On Wednesday Bonin sent out a mass email telling “anyone interested,” regardless of “party affiliation,” to contact him for free tickets to the RLC. Bonin’s group met in Lakeview on Saturday and was bused to the conference to meet “insiders” and vote in the straw poll. They then returned to Lakeview for “refreshments.”

Politico’s Jonathan Martin published Bonin’s email and wrote, “Free bus, free tickets, free food. You get the picture.” Yes, I’d seen the same picture while talking to Ron Paul volunteers at the RLC. They were brimming with confidence about winning the straw poll. Apparently, if you hand out enough free tickets to a political conference (chock-full of speeches about the importance of “principle”) and throw in a complimentary refreshment and a free bus ride, you can effectively stuff the RLC ballot.

Scott McKay at The Hayride did some rough calculations about what it cost Paul and Huntsman to bus in “supporters” on Friday:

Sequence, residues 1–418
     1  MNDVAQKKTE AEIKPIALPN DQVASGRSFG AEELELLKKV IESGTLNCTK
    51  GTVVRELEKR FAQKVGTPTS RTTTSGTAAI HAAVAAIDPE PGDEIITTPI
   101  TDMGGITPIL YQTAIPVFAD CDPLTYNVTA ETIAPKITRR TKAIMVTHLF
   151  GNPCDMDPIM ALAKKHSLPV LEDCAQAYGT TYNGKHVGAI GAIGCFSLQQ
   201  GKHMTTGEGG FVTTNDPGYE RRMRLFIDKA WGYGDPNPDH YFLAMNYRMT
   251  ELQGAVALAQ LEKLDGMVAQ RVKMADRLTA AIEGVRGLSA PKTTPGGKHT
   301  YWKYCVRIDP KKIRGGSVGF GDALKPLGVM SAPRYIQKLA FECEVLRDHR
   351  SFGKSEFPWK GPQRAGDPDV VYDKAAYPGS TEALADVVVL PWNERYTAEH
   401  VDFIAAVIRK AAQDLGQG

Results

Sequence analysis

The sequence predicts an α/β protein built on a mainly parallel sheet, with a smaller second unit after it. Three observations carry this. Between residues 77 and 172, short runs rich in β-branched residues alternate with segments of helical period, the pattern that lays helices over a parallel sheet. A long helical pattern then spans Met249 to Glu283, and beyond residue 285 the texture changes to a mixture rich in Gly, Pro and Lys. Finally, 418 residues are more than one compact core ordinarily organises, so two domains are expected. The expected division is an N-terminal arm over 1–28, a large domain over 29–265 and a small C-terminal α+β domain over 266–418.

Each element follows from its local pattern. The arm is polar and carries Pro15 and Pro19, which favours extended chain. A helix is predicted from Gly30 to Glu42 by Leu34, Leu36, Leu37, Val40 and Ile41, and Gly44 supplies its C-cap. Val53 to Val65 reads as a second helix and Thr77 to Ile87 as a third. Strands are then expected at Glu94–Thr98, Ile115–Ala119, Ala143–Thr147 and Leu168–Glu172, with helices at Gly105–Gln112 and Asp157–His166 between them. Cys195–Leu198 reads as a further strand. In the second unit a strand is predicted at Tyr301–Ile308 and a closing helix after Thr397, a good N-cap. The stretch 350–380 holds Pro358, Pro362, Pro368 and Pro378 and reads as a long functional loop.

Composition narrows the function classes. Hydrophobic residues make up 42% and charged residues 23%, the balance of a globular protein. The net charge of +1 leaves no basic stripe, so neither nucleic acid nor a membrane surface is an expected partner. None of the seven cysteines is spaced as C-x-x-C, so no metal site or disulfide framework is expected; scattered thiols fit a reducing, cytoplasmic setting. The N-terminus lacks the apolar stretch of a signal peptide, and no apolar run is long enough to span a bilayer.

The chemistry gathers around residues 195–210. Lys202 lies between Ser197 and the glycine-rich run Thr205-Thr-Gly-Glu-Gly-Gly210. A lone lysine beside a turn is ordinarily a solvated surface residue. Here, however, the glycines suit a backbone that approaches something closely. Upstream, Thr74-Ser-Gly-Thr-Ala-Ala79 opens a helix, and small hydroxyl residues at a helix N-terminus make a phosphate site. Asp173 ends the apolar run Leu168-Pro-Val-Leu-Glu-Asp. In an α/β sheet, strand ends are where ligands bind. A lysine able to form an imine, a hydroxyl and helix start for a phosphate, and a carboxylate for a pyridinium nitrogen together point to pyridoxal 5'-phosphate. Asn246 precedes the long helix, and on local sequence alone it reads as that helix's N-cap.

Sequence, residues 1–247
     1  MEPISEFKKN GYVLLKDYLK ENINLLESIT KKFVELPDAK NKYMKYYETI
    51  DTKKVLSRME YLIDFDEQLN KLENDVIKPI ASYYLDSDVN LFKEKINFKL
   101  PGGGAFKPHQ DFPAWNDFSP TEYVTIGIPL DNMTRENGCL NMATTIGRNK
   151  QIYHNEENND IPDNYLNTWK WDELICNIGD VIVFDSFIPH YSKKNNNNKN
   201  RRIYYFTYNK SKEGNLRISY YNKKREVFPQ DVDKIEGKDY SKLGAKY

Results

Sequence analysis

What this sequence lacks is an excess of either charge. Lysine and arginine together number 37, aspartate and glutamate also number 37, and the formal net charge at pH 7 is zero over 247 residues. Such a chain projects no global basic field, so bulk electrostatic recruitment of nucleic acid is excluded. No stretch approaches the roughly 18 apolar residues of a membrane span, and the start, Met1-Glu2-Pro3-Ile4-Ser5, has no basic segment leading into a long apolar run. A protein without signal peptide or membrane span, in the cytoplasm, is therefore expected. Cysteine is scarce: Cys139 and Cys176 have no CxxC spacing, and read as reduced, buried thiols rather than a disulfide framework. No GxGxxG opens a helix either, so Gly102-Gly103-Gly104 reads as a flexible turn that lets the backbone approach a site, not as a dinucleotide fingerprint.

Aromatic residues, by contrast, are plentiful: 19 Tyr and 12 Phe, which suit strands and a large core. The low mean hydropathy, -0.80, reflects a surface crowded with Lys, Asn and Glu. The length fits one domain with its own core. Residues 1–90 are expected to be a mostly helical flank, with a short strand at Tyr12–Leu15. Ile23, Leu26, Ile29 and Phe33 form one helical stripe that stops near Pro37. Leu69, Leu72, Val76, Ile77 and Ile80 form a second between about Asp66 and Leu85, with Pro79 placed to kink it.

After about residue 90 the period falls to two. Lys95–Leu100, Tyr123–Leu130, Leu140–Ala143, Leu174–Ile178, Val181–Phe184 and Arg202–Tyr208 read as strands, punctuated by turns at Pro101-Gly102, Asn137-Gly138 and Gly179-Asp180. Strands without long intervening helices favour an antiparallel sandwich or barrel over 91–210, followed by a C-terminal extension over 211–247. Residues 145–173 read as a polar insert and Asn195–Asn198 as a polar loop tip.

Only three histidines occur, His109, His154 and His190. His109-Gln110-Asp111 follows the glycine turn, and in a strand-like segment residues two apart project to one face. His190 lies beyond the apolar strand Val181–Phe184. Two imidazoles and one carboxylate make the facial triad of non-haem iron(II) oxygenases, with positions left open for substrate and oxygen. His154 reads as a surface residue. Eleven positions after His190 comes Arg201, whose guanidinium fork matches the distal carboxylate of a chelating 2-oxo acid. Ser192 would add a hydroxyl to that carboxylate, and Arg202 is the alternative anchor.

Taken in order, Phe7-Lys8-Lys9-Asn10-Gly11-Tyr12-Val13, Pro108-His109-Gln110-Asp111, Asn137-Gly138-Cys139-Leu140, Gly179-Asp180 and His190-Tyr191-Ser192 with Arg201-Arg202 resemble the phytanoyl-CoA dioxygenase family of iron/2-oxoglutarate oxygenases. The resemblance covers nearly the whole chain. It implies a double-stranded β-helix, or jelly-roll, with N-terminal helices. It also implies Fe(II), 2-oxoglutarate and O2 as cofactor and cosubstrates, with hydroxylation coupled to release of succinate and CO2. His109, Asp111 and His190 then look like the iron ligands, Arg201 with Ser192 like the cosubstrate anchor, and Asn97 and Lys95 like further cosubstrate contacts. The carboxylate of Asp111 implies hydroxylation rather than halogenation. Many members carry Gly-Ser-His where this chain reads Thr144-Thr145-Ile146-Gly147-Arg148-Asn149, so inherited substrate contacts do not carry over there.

Delegate badges for the event went for $199 apiece. Which would indicate that busing in 612 supporters would have cost the Paul campaign $120,000… Huntsman would have had to spend some $76,000 on badges for his people.

That’s $200,000 or so in revenues for the event’s organizers. Which is a pretty good chunk of change.

Indeed it is, but the Paul and Huntsman campaigns view such expenditures as an investment. With first place, Paul got his media headlines, while Huntsman grabs the coveted “did surprisingly well” storyline, just ahead of today’s official announcement that he’s running.

So, with the help of some local Republican politicos, Huntsman has bought some temporary momentum. The question is how he will leverage it?